Between celebrating the city’s seven James Beard semifinalist nominations and gearing up for Restaurant Week, February was a busy month in Denver. However, in between assignments, the 303 Food + Booze Staff managed to indulge and imbibe. From fresh greens at an old favorite, to meatball pastries at a new iteration of an old favorite, here’s what the 303 staff ate and drank in February.
As one who typically eschews desserts for a post-dinner libation, The Squeaky Bean’s Brillat Savarin Cheesecake will certainly make me rethink that instinct. The base, a triple cream brie, is much lighter than standard, dense iterations, but no less rich. The saccharin aspects are also more muted than standard versions, owing to an earthy quality from the cheese. A tart sweetness from kumquat jam provides the necessary balance, for a truly decadent and innovate dessert.
On the morning of Super Bowl 50, I woke up with two things on my mind: Broncos and brunch. After sufficiently donning my Broncos gear, I went to grab brunch before the big game at the ever-popular Root Down. At this point, I should let you know I am actually not a huge fan of the meal, but chef-owner Justin Cucci’s Highland outpost has never done me wrong.
My brunch on this visit featured a plate of huevos rancheros (and my fair share of blood orange mimosas). As a New Mexican native, I’m used to a different style of this dish, but I love to see and taste different adaptations. Root Down’s variation brings Tender Belly pork belly, black beans, roasted poblanos, Cotija, and crispy tortilla strips together with a mole verde. The Mexican-inspired dish was complemented with a medley of crispy potatoes and a simple arugula salad. Aside from the rainbow of colors on the plate, this dish was vibrant and diverse in its flavors. You can bet that the next time you find me out at brunch, it will be at Root Down.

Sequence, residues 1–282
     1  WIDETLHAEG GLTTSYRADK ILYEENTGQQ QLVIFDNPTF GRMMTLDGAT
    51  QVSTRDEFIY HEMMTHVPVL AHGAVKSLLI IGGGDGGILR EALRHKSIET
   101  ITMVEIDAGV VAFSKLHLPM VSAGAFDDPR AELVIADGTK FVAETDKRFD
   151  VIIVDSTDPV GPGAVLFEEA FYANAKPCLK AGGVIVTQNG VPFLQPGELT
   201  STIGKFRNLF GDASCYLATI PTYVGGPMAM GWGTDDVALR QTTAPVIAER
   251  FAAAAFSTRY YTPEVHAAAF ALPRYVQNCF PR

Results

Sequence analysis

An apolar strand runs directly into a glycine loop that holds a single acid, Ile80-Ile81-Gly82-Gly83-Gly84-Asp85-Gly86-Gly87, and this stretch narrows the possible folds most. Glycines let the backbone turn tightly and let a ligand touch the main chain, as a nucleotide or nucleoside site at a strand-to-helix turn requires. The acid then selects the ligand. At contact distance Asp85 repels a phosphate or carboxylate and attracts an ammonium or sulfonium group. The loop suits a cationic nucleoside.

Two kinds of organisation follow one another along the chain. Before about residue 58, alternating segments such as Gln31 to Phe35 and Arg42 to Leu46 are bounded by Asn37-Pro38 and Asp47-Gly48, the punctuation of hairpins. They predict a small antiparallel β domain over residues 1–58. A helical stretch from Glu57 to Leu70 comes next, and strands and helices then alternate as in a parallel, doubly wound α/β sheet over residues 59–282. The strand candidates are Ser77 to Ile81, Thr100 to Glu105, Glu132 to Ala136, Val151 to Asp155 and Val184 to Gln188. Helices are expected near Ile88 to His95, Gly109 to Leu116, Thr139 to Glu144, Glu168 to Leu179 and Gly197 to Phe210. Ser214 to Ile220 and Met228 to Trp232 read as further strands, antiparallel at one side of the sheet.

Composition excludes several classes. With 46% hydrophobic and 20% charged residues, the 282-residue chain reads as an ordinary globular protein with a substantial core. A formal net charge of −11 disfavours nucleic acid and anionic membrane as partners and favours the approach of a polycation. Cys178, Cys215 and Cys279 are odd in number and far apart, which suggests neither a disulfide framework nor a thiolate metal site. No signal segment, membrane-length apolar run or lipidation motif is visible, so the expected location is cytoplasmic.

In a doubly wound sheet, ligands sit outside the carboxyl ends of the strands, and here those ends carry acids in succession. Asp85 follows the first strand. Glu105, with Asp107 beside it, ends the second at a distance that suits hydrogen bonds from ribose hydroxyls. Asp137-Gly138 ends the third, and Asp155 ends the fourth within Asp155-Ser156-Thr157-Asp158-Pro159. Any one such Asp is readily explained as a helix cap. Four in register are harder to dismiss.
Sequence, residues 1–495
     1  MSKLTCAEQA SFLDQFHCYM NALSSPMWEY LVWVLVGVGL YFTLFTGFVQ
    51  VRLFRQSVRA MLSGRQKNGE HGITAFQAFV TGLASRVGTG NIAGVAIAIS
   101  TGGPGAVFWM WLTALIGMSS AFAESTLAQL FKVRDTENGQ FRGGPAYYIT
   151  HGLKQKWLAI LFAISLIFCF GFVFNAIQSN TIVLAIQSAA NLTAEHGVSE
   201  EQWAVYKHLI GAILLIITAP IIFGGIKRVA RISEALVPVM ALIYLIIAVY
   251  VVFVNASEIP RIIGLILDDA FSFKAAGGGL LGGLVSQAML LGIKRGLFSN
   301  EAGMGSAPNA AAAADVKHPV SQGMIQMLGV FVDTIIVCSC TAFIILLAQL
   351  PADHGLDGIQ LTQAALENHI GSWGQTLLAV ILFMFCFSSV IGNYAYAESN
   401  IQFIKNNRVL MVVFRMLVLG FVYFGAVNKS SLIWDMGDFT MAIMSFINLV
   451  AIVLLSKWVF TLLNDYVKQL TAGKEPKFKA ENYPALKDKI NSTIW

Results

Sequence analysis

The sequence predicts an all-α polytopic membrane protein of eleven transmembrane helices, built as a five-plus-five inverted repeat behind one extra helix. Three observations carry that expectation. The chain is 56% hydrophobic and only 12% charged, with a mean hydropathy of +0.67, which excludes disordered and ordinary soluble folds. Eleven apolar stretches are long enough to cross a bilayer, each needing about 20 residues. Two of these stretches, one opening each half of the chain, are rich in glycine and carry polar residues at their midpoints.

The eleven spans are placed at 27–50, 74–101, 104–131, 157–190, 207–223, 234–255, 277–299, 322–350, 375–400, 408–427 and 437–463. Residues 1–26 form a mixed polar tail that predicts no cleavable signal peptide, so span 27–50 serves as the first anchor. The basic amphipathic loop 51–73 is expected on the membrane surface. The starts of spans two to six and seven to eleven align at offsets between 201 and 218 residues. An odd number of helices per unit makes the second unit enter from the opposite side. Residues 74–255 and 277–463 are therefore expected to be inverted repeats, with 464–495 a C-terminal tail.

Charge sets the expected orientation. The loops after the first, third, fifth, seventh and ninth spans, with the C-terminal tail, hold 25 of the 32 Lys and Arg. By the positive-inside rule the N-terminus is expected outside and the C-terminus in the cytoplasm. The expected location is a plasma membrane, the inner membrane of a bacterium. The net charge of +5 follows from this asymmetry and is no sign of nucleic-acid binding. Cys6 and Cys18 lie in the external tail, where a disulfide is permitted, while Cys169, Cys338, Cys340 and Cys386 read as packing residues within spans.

Given Jennifer Jasinski’s recent James Beard semifinalist nomination, I figured it was an appropriate time to visit Rioja (never mind the fact that I had felt like a bad food writer, and Denverite, for having never visited). So on a recent Sunday, I made a reservation at her acclaimed Larimer Square spot.
While my wine recommendation was spot-on (a jammy, yet balanced Spanish red that complimented chef de cuisine Tim Kuklinski’s menu), and my entree was divine (I implore everyone to sample the grilled lamb loin), a small appetizer captured my attention that night: fresh bacon. This deceptively simple dish featured a sizable chunk of grilled pork belly swimming in a curried garbanzo bean puree. As a lover all things pig, I was initially drawn to the melt-in-your-mouth goodness of the pork. However, the complexity of the puree, with its notes of cardamom and Madras curry, had my date and I shamelessly using our spoons to savor every last bite.
In the closing paragraphs of a short essay that ran in the New Yorker, Calvin Trillin addressed the contentious origins of the buffalo chicken wing as delicacy. In 1980, the then 16-year-old finger food was still slowly making its way around the country as the sort of thing you’d find only in bars. Take a look around today, however, and pretty much everybody and their uncle with a restaurant has added chicken wings to the menu. Ubiquitous and ever-popular, the wing has given rise to more than a few franchises or, at the very least, has its own day of the week deal at many restaurants. Considering that the wing was once seen as a cut to be thrown away, it’s rather astounding to see how variable the competing methodologies for wing preparation are, and that, in some cases, the classic “buffalo” Frank’s RedHot flavor pales in comparison to countless other sauce options.